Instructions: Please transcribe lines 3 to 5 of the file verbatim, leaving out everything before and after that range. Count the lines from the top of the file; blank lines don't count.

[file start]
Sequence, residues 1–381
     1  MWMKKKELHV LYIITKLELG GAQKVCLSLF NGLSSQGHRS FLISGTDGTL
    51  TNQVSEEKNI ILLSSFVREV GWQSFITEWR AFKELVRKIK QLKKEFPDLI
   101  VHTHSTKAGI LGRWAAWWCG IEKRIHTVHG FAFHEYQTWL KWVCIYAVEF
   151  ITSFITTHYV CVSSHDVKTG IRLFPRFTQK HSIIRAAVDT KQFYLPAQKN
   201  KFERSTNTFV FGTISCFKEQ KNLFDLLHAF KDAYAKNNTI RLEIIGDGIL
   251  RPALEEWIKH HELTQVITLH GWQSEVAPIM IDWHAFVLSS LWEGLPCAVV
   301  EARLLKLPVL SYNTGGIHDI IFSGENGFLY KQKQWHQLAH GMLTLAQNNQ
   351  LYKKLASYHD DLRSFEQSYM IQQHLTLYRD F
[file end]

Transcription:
    51  TNQVSEEKNI ILLSSFVREV GWQSFITEWR AFKELVRKIK QLKKEFPDLI
   101  VHTHSTKAGI LGRWAAWWCG IEKRIHTVHG FAFHEYQTWL KWVCIYAVEF
   151  ITSFITTHYV CVSSHDVKTG IRLFPRFTQK HSIIRAAVDT KQFYLPAQKN